bottom job on metal (steel) boat and sandblasting..

Discussion in 'Metal Boat Building' started by rawley2, Aug 4, 2008.

  1. rawley2
    Joined: Jun 2007
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    Location: Florida

    rawley2 Junior Member

    Am I to belive that you would need to sandblast a steel hull every year when you do your bottom paint..

    OK lets say you move a lot and use hard bottom paint and get 3 years between bottom jobs..

    Do you really need to blast to white steel and start from there?

    Can you just pressure wash, give it a light sanding and put another coat of anti fouling on it?? Just spot blasting (or grinding) and rust spots you see? Not the whole bottom.
     
  2. tazmann
    Joined: Aug 2005
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    Location: California

    tazmann Senior Member

    No you would not sandblast every year, you should have a good epoxy berrier coat under the bottom paint. preping and doing any repairs then add another bottom coating.
    Tom
     
  3. Landlubber
    Joined: Jun 2007
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    Location: Brisbane

    Landlubber Senior Member

    rawley2,

    The hull is sandblaste only from new, done to white metal and then a minimum of 300 microns epoxy protective coatings. I can recommend the Altex Devoe range of products as being exceptionally good. They are called Devoe Ameron in your part of the world. They have beem making protective coatings for off shore structures for decades, so if they can survive in those circumstances, they have a good chance of survival on a boat.
    Contact your local rep and discuss the best system they have, forget the price, quality is remembered long after price is forgotten.
    Do exactly as they say, do not listen to all the local experts that know more than the manufacturer, theyreally have a good track record.

    I made scrapers from 1/2" acrylic plactic that we used especially for the steel boats, it removed barnacles quite well and never dug into the substrate paint system. The only time you would ever have to sandblast during normal yearly slippings would be if there was damage for some reason or other, the paint system could last for 20 years, my last one did!
     
  4. Landlubber
    Joined: Jun 2007
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    Location: Brisbane

    Landlubber Senior Member

    Just looked up a spec sheet from Altex Coatings (NZ)

    Abrasive blast to SSPC SP10 (Sa2.5) to achieve a uniform jagged blast profile of between 35 and 50μm.
    Apply coat Epoxy Primer N°.1 - full prime to the prepared SP10 substrate.
    (thickness 110micron WFT)
    Apply a full coat of coat Epoxy High Build Surfacer N°.2 - full coat
    (thickness 350 micron WFT)
    Apply another Epoxy High Build Surfacer N°.2 - full coat
    (thickness 350 micron WFT)
    Epoxy Primer N°.1 - full coat
    (thickness 110 micron WFT)
    No.5 Anti-Fouling - full coat
    (thickness 200 micron WFT)
    No.5 Anti-Fouling - full coat
    (thickness 200 micron WFT)
    All surfaces must be clean and dry before painting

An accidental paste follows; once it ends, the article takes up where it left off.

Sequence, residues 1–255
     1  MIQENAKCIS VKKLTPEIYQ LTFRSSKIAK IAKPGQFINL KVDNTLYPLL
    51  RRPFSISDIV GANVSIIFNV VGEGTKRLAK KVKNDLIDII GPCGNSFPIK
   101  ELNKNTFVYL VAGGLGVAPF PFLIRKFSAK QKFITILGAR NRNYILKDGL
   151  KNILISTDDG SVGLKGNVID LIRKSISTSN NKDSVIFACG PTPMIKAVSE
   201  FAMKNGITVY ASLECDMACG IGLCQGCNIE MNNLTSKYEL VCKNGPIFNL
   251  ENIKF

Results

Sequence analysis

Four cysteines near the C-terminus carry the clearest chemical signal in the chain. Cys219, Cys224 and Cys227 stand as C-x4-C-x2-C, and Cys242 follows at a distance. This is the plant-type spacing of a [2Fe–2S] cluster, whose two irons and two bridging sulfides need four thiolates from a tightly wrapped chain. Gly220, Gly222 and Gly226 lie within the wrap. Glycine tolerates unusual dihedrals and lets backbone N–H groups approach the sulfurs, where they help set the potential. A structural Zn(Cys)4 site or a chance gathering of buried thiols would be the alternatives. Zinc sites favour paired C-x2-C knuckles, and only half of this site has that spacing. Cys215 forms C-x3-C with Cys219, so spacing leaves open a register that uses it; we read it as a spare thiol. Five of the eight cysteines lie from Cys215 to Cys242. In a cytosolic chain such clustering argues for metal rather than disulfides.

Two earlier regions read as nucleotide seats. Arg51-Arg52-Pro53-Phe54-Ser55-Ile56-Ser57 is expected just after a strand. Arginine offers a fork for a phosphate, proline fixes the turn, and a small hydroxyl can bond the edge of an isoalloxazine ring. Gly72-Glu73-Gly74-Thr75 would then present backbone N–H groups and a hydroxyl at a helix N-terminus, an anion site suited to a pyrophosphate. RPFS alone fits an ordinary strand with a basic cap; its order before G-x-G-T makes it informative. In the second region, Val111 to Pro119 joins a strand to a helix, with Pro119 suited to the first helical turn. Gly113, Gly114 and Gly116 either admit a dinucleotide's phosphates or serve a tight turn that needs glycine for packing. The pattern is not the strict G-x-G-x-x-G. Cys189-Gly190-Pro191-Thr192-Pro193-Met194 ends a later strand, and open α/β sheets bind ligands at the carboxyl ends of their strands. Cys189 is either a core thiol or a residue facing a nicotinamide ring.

NOTE:
    1. Apply No.5 Antifouling before last coat (Epoxy Primer No.1) has cured i.e. tack free but still soft to finger pressure.
    DO NOT allow the Epoxy Primer No.1 to cure hard before applying No.5 Antifouling. (My comment:This allows the paints to chemically lock into each other)
    2. Allow 12 hours cure of the final coat of No.5 Antifouling before relaunching.
    NB: DO NOT exceed maximum recoat times.

    Ask the rep for a gauge, he will show you how to read it, well worth while.
     
  5. mastcolin
    Joined: Jun 2005
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    Location: The Netherlands

    mastcolin Senior Member

    antifouling

    There is absolutley no need to blast to bare substrate at lifting.

    Just high pressure wash off any fouling (and loose paint!). Let it dry, scrape off any remaining fouling and scuff it all up with some rough sandpaper. (remember to wear gloves, goggles etc)

    You can overcoat normally with fresh antifouling.

    However - take care with changing brand of antifouling. Some are incompatible and can cause problems (eg cracking, blistering) . If you are considering changing brand/type then speak with the new supplier. They normally have list of any compatibility issues and solutions.

    If you do get a build up of old antifouling then if it does start to build up and crack off in sheets, then the worse you should have to do is a light grit blast back to the primer system. You could of course scrape it off but it is horrible job. "You pay your money and make your choice" as they say.

    Then just re-apply tiecoat and new antifouling.
     
  6. rawley2
    Joined: Jun 2007
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    Location: Florida

    rawley2 Junior Member

    Thanks guys,

    I thought better than that but had to make sure.

    I know steel hulls are a LITTLE more maintenance but sandblasting every year.. I was like come on. LOL
     

  7. Brent Swain
    Joined: Mar 2002
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    Location: British Columbia

    Brent Swain Member

    My steel boat is 24 years old , in excellent condition and has never been sandblasted.
     
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